In the beginning, Byomkesh finds a book in Bhuvan Banerjee's suitcase, The Golden Book of Chemical Explorations. Interestingly, a book with the same exact cover is available on Amazon with the title The Golden Book of Chemical Experiments. I really like it that film changed the name to explorations, where it indeed takes us through an exploration of Strychnine rat poisons, invisible heroin, and addictive paan masalas.  

Later, Sukumar's assistant reads Inside Detective magazine. In what could be another use of a cinematic device, the same book of Chemical Explorations is seen hanging on a wire behind him, in addition to Life magazine. This Life magazine is again found at the sight of the murder where Sukumar's assistant, and Dr. Watanabe's assistant are found dead. It is irony that Life magazine is found where two people are found dead. Was the earlier scene where both the books were behind Sukumar's assitant some kind of indication of the impending death? We can only guess.

Both the books are the back

Life Magazine

There are some intriguing things which I have not been able to come up with a convincing explanation for:-
  • The fancy dress party where a man comes and says the policeman that he is wearing a nice dress, and he remarks that is his uniform. Was that a joke that the police is doing nothing and is only wearing dresses, while another man is saving Calcutta?
  • The joke on the damsel in distress, at two places Ajit calls Satyawati, "Bechari, Besahara."  What was that about?
  • The meaning of one eye between them. Why did Yang Guan gouge his own eye? An eye for an eye makes the whole world blind?
  • Was there any special significance of Hajmoll apart from the fact that it also had an addictive effect like heroin? There is a focus given to this product in the film.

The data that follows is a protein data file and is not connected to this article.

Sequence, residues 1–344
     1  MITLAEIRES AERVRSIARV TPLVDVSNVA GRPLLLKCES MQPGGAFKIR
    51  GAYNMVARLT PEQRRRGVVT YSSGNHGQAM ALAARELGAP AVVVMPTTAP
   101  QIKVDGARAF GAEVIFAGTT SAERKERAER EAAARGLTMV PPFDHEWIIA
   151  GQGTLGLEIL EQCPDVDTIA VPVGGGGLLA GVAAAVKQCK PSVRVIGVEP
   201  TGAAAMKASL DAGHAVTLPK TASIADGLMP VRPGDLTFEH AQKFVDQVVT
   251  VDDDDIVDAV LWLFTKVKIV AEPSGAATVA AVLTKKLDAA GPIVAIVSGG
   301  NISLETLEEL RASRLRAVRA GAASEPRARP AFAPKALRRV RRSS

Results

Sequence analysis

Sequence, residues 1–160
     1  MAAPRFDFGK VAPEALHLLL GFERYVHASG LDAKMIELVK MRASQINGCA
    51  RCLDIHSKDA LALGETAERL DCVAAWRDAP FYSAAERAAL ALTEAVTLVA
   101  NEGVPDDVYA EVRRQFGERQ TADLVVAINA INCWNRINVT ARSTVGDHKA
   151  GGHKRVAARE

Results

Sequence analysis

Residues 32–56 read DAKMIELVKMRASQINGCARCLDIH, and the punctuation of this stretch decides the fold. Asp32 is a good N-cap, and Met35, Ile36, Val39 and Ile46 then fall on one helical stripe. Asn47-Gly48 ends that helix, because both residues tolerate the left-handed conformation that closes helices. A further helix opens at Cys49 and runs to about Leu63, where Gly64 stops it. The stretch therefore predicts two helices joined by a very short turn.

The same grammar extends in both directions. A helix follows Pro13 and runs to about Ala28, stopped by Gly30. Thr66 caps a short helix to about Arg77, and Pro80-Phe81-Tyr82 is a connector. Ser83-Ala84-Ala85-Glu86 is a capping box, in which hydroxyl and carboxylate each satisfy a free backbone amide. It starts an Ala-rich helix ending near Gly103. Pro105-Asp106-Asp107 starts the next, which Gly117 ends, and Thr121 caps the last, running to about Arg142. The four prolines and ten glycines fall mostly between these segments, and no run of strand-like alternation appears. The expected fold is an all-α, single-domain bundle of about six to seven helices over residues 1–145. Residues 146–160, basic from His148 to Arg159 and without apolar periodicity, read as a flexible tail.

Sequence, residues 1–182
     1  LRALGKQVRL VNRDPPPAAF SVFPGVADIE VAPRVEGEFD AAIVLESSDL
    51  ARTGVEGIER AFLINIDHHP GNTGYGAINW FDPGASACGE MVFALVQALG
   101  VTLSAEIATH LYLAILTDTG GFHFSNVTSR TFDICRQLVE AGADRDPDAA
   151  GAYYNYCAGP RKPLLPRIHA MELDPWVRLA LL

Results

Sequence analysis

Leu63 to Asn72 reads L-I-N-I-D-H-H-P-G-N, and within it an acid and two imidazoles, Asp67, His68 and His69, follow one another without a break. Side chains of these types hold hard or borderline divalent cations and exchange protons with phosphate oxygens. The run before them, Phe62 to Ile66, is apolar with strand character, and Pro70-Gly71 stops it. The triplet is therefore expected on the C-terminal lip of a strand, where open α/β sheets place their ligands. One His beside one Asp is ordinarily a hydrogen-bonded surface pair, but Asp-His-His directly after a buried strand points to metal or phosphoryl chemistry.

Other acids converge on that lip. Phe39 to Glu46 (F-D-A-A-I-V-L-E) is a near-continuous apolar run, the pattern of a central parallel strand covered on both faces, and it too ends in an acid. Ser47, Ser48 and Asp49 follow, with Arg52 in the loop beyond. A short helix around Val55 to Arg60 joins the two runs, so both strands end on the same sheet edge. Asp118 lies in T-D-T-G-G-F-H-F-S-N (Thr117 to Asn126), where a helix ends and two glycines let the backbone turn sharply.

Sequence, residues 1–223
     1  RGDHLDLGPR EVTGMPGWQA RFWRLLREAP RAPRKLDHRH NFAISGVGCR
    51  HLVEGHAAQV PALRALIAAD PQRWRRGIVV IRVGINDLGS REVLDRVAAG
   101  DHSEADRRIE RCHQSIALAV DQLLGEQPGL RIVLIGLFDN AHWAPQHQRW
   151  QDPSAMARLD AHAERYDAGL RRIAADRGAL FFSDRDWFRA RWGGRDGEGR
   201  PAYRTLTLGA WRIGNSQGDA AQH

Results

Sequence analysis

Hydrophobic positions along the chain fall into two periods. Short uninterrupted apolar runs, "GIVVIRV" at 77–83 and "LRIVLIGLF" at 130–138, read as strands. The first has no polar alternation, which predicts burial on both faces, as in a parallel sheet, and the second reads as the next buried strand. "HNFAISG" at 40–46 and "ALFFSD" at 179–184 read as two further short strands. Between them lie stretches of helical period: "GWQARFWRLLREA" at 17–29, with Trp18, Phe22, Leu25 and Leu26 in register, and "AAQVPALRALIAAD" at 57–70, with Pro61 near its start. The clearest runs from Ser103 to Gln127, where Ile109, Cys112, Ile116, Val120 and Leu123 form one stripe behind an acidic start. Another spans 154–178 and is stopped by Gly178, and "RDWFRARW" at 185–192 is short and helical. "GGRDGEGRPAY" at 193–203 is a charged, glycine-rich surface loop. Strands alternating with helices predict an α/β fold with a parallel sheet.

• Any meaning of the flowers that Satyawati was holding, and later the gardener was seen among them, and Dr. Watanabe was seen smelling.

  • Was Byomkesh's unibrow a reference to his one-dimensional world? He is somewhat stubborn, was this a way of representing this view?
  • Byomkesh takes a bath two times. Was there any special reason behind it?

One of my favorite characters was the servant Putiram (Pradipto Kumar Chakraborty). The way his hands shook when putting anything on the table, the way he emoted his eyes, the way he jumped over dead bodies on being asked to prepare tea and clean blood, he was simply fabulous. Another thing that stands out is the absolutely terrific music by Sneha Khanwalkar. She is a star. O Womaniya! If only they had used it more evenly in the film. And, the ending credits are simply gorgeous, one of the best ever made. 

Detective Byomkesh Bakshy! is a beautiful film. Although the pacing is slow, I don't have issue with films that are like that as long as its proceeds somewhere. It is not a perfect film, but any film of Dibakar is much better than some of the other run-of-the-mill stuff that we see everyday. Perhaps, perfection might be achieved in the sequel, and I will keep waiting for it. 

Dialogue of the Day:
"Hum jaise middle class log apne desh ke liye kabhi kuch karte hai ?" — Byomkesh
"Filmein dekhte hain. Chalo!" — Ajit

Yes, yes, let us all go :)

P.S.— Deliberately did not write femme fatale anywhere above, because there is just no review without it. Also, recommend to check out It is marvelous. Somehow, I am not able to write it the way I wanted, so, if simply cut the crap what I wrote and read the two best reviews here and here